Young farmers, ranchers tour Panhandle on Fall Tour

A look at farms, feedyards, a cotton gin and more were part of the 2022 Texas Farm Bureau (TFB) Young Farmer & Rancher (YF&R) Fall Tour held in the Panhandle.

The two-day event exposes young farmers, ranchers, college students and agricultural professionals to agriculture in a different region of the Lone Star State each year.

“It’s important for people across the state in agriculture to know how different and diverse agriculture is in Texas,” said Landon Friemel, TFB YF&R Advisory Committee member for District 1. “If you look at Texas as a whole, agriculture changes dramatically between the Panhandle and the southern tip of the state and also from the east side of the state to the west. The scope of which us as producers encompass—you can’t really understand it without seeing it.”

This year’s tour included stops in and around Amarillo.

At Top of Texas Gin, the group toured a cotton gin that wasn’t currently in operation.

“We were able to look around the machines and see how a cotton gin works,” Friemel said.

Cotton is an economic driver in the region. Although this year’s crop is significantly smaller, the largest cotton patch in the U.S. is the area surrounding Lubbock.

“We talked about how cotton yields are a lot lower this year than in year’s past,” he said. “We also discussed cotton markets, buyers and more on this stop.”

At West Texas A&M University (WTAMU), Fall Tour participants heard from the university’s collegiate Farm Bureau chapter and toured the new agricultural complex.

“There’s so much that WT has done in improving ag education, whether it be for ag teachers, ag science or ag business,” Friemel said. “We did get to see the new meat facility in operation and visited with Collegiate Farm Bureau members to see what they have going on this semester.”

WTAMU chartered the first collegiate Farm Bureau chapter in Texas last year.

Students in the organization are members of a Farm Bureau family. Some are from out of state, and they represent diverse backgrounds and college majors, including agricultural business, animal science, agricultural education and agricultural communications, among others.

“The collegiate officer team shared more about how they started the organization and how their program is growing exponentially,” Friemel said. “They told us they are one of the largest student organizations on campus. I think it’s just amazing to see that.”

Another tour stop included Cnossen Dairy.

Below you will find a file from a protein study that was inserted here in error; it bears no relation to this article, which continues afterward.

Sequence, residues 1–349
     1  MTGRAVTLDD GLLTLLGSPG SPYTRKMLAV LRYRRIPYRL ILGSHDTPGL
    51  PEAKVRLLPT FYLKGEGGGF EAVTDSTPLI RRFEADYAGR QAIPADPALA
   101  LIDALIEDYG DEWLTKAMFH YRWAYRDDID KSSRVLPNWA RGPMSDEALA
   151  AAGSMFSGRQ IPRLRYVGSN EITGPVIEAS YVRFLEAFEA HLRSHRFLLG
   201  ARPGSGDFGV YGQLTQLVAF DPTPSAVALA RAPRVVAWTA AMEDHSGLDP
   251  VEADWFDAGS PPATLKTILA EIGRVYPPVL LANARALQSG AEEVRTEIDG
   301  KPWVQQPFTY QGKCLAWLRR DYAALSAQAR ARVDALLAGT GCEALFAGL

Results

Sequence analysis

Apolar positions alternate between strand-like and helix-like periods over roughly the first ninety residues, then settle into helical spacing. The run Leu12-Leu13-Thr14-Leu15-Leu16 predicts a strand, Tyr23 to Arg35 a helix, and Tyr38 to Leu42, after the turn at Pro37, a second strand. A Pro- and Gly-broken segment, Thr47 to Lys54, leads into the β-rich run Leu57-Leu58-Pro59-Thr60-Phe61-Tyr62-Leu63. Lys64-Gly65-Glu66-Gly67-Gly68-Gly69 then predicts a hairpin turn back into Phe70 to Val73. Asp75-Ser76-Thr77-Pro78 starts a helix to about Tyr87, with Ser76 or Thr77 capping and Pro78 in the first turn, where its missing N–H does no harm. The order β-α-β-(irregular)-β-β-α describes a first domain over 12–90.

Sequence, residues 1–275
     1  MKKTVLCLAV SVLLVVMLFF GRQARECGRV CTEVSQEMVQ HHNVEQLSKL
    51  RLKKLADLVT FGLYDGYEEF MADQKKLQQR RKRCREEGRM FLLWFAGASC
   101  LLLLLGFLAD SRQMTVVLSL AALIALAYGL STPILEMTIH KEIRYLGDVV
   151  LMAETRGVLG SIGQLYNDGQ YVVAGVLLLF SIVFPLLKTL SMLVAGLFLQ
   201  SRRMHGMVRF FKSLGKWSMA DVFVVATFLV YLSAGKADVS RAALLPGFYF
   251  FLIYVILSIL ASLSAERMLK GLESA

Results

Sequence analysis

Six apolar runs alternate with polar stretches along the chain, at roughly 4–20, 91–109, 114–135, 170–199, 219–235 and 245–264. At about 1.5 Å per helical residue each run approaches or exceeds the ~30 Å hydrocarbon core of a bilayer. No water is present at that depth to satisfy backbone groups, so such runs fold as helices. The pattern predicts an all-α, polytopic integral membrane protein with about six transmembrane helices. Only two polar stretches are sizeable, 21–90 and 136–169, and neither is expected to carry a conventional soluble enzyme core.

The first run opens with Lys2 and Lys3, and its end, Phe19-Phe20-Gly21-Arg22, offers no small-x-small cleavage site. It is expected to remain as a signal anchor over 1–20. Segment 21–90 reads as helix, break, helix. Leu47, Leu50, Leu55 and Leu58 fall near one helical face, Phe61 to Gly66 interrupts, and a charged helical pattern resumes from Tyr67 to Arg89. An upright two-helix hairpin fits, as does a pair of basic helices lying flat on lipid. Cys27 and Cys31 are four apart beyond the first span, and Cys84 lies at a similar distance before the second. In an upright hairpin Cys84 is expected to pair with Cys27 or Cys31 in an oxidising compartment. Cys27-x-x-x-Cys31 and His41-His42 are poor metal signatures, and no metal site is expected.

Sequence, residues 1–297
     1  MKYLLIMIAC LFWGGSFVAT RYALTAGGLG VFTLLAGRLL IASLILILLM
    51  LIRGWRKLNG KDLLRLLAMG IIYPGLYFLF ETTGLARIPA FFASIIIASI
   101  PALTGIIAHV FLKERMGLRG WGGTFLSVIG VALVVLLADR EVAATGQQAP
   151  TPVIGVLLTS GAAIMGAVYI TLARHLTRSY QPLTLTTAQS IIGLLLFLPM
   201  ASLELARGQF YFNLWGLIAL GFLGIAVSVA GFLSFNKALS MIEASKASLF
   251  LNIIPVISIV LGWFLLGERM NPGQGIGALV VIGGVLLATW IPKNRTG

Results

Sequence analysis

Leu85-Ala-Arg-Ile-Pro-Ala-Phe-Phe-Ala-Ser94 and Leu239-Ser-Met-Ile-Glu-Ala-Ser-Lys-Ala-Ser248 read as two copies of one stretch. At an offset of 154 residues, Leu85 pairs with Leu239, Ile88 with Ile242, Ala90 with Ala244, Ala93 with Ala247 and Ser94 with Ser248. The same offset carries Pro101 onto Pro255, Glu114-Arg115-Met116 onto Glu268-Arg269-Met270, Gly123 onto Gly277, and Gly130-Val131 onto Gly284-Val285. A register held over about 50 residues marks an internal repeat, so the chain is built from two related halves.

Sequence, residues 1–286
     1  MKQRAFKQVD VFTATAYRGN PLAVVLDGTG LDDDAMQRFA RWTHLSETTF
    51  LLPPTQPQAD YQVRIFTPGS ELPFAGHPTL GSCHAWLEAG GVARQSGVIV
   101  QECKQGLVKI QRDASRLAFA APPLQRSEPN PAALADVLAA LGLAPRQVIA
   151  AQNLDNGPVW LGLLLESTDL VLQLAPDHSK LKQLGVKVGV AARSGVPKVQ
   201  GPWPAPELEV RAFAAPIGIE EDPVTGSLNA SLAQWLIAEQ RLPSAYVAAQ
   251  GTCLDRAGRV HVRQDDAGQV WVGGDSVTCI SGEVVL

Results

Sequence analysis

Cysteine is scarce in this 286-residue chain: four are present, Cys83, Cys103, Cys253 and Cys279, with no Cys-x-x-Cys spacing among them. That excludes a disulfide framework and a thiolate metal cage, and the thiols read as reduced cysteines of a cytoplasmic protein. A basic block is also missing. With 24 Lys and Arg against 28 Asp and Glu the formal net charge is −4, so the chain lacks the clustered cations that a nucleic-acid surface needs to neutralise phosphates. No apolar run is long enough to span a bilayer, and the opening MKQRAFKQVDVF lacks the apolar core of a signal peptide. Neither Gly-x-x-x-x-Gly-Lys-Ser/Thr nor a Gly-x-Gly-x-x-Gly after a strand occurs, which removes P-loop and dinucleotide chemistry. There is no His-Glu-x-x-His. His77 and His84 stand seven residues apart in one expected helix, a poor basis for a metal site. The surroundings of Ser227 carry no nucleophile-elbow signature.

“The Cnossen family is investing in new infrastructure and expanding their herd. They are also going into different avenues other than just the traditional Holstein. They’re moving out into Jerseys, and they’re trying to target different markets,” he said.

Tour participants saw the impressive machinery, technology and carousel in action, learning more about dairy production in the Texas Panhandle.

“They can manage those cows on an individual cow basis using the technology and RFID readers, the sort gates and so many different things they can do. It’s very impressive,” he said.

Across the road from the dairy is Friemel’s family’s feedyard.

“We currently have about 25,000 head on feed. I was able to take the attendees on a tour of the feed mill, show them the feeding process, talk about where our cattle are from and what markets we’re targeting,” he said. “I think a large portion of our group got a lot out of that information because there were a lot of cow-calf producers there, as well as people trying to start their own small feeding operation.”

They discussed cattle markets, supply chain issues and rising feed costs.

“It’s been a tough couple of years because of those factors,” he said. “Numbers are increasing in the feedyard because there’s not enough grass, but it’s also costing a lot more to feed them because the cost of grain is going up.”

They also visited the Vega High School ag shop where members of the Vega FFA cooked lunch for the group.

Jay Newton, Vega High School ag teacher, shared with the group the success and growth of the high school’s agricultural science and FFA programs.

Vega FFA is most known for its success in the ag mechanics contests at stock shows across the state. In fact, the Vega FFA Ag Mechanics program has surpassed $1 million in scholarships and prizes awarded to students who have participated and competed in the contests.

“There’s so many skills and qualities that this ag mechanics program can give students to help them later on in life and in their future careers,” Friemel said.

One of the final tour stops was Richardson Seeds, which is a sorghum breeding production and packaging company.

“Most people don’t realize that 85-90% of the world’s sorghum seed is produced in the Texas Panhandle, and Richardson Seeds is one of about five companies that take care of that entire process from the genetics and breeding to bagged product shipped all over the world.”

They visited Maverick Malt House in Wildorado.

“They take barley and rye growing on their family farms and turn it into a malt product that’s used in the production of whiskey and beer,” Friemel said. “It’s a state-of-the-art facility where they can control every aspect regarding temperature, moisture, timers for agitation and all the details that can change the flavor of their product.”

Other fun activities on the tour included watching an Amarillo Sod Poodles baseball game and visiting Cadillac Ranch, a well-known tour stop along Route 66 west of Amarillo.

The trip gave young farmers and ranchers a look at Panhandle agriculture, a chance to network and learn techniques to adopt on their farms and ranches.

“It’s the contacts that you make and the friends that you meet,” Friemel said. “When you can meet somebody from the other side of the state that does things differently, there’s ideas that we can share, and we can learn from each other to make our operations better.”

Post a Comment

Previous Post Next Post